The standard reply to any untoward situation in the country is ‘Chanji’, the street version of APC’s motto – change.

President Buhari takes a peep at the capital city from Aso Villa

President Buhari takes a peep at the capital city from Aso Villa

A public affairs commentator based in Kano State, Aminu Muhammad Ofs, last week recounted his experience of the times, which has gone viral on social media.

He said: “I was sitting with a guy who sells tea when an elderly man came and said ‘Give me ‘Buhari’s mixture’. Without saying anything more, the man was given some tea and small bread for a sum of N40.
I was baffled, so I asked the seller what the man meant by ‘Buhari’s mixture’. He explained that it means tea without milk plus a small loaf of bread.

“Again the next day, I stopped by a small kiosk to get a battery for my wireless computer mouse. While I was leaving, a guy came who said: ‘Give me Buhari and Osinbajo. I waited to see what he meant and the seller handed him garri and groundnut.

“I inquired from the seller, who explained that garri is the street term for President Buhari, Vice President Yemi Osinbajo is groundnut, while Senate President Bukola Saraki is sugar, slang for the staple foods the poor can afford.”

A drummer bows his head in agony after low patronage.

A drummer bows his head in agony after low patronage.

Before now, Lagos State was often referred to the city that never sleeps, because it is known for its hustle and bustle from dawn to dusk.

The wind of recession has blown all that away.

The bustling nightlife is disappearing in the Centre of Excellence, as the city practically shuts down and becomes a ghost town once it is 10p.m., even on weekends.

Due to the harsh economic conditions in the country, Nigerians have developed some clever methods of dealing with the tough circumstances.

Policemen take to lotto and gambling to make ends meet

Policemen take to lotto and gambling to make ends meet

According to a public opinion survey by NOIPolls, released on August 10, 2016, 97 per cent of the respondents said the recent economic realities have had a negative effect on the wellbeing of the average Nigerian.

Some survival methods discovered by the polls include cutting down on household expenses and luxury items, resorting to prayers and hoping for a miracle, engaging in subsistence farming, adjusting feeding patterns in place of the regular three-square meals.

A businessman, Emeka Obinna told The Guardian that he has had to adjust the feeding patterns of his family.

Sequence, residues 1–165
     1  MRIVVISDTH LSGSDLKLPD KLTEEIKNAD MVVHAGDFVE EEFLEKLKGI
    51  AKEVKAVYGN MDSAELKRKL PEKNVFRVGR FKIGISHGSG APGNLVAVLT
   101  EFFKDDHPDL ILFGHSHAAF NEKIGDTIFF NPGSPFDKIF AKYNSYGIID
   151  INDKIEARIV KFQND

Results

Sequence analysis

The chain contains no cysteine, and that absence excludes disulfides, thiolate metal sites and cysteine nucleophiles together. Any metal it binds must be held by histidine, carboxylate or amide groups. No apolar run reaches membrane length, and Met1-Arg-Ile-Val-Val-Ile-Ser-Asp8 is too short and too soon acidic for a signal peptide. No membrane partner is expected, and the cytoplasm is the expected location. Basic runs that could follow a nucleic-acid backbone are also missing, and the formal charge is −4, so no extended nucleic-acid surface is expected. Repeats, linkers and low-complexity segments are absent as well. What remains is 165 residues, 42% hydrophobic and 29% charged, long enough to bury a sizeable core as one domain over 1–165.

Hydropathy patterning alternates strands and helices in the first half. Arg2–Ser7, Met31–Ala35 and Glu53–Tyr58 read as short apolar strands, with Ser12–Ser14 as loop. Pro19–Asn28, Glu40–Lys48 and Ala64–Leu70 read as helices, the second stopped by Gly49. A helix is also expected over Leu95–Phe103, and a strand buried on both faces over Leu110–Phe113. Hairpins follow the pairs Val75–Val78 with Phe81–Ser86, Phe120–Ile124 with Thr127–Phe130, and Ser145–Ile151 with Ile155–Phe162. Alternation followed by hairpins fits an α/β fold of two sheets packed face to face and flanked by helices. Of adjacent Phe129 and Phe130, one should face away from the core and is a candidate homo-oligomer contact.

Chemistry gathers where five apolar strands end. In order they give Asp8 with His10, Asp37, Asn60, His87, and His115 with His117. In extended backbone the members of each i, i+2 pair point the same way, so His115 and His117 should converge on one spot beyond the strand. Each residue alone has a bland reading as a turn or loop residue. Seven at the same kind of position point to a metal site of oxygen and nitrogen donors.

“I have a family of six, with several other dependents. That’s the only way we are managing to survive. No more three-square meals. It is either breakfast and dinner, or lunch and dinner. So, it is the 1-0-1, 1-1-0 or 0-1-1 formula I am operating now with the little resources at my disposal,” he said.

 

Angst as Nigerians feel pains of increasing hard times

Inside the shimmering state of Lagos

• Power cable vandals threaten street lighting efforts
• Govt, communities worry over consequences
By Tope Templer Olaiya
It was a tragedy too many when last Wednesday, an unidentified woman met her untimely death at Kosofe bus-stop in Mile 12 area of Lagos State when she was electrocuted while crossing the expressway.On her way to Mile 12 market, she was attempting to cross the road when unknowingly touched the railing dividing the highway, whic h had contact with a faulty electrical pole and she died instantly.

That was the fourth such incident at the same spot in the last three months, especially since the Light Up Lagos project initiative by the Akinwunmi Ambode-administration installed streetlights across the length and breath of the state.

According to an eyewitness, “a red flag was even tied on the rail to warn pedestrians against crossing from that spot. The woman must have been unaware of the danger and touched the pole,” he said.From early this year, the state governor Akinwunmi Ambode had embarked on the Light Up Lagos project in the first phase of an ambitious agenda to make Lagos State a 24-hour economy, where production, exchange, distribution and consumption take place round the clock.

Construction work ongoing at night on a lit up street in Badagry

Construction work ongoing at night on a lit up street in Badagry